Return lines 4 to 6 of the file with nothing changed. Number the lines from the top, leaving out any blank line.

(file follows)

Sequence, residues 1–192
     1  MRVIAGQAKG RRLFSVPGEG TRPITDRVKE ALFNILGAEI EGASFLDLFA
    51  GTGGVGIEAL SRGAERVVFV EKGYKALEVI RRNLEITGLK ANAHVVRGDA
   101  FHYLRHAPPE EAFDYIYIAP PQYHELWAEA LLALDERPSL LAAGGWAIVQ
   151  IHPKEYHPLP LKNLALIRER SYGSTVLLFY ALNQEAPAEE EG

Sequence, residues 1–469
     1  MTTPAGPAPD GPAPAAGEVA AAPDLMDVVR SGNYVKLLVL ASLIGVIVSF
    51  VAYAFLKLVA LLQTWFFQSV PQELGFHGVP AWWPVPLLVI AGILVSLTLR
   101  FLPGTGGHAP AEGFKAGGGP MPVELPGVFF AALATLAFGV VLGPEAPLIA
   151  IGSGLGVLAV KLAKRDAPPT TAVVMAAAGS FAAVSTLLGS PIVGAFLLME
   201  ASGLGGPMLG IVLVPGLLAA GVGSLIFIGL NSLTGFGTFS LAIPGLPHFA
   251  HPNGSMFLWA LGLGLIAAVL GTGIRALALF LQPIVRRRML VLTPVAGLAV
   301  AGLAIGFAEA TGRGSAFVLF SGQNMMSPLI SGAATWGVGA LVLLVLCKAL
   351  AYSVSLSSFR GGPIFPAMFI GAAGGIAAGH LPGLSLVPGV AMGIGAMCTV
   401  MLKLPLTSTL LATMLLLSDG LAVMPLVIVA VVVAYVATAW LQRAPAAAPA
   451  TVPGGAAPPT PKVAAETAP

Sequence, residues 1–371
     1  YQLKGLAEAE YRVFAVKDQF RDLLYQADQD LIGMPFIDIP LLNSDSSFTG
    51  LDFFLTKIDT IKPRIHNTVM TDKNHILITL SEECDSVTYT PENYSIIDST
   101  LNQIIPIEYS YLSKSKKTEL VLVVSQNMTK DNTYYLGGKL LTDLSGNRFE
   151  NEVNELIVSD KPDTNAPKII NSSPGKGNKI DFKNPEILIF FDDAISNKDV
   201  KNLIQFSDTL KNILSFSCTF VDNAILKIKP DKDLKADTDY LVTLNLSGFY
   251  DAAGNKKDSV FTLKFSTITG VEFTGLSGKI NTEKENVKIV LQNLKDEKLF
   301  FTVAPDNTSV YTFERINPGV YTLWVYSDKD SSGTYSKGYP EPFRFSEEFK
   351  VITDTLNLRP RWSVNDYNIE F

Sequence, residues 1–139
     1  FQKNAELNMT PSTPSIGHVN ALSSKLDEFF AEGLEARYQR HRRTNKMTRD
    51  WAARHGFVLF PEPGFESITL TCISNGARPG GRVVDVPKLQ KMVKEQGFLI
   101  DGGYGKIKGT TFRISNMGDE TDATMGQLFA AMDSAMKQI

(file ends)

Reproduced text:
   101  FHYLRHAPPE EAFDYIYIAP PQYHELWAEA LLALDERPSL LAAGGWAIVQ
   151  IHPKEYHPLP LKNLALIRER SYGSTVLLFY ALNQEAPAEE EG

Sequence, residues 1–469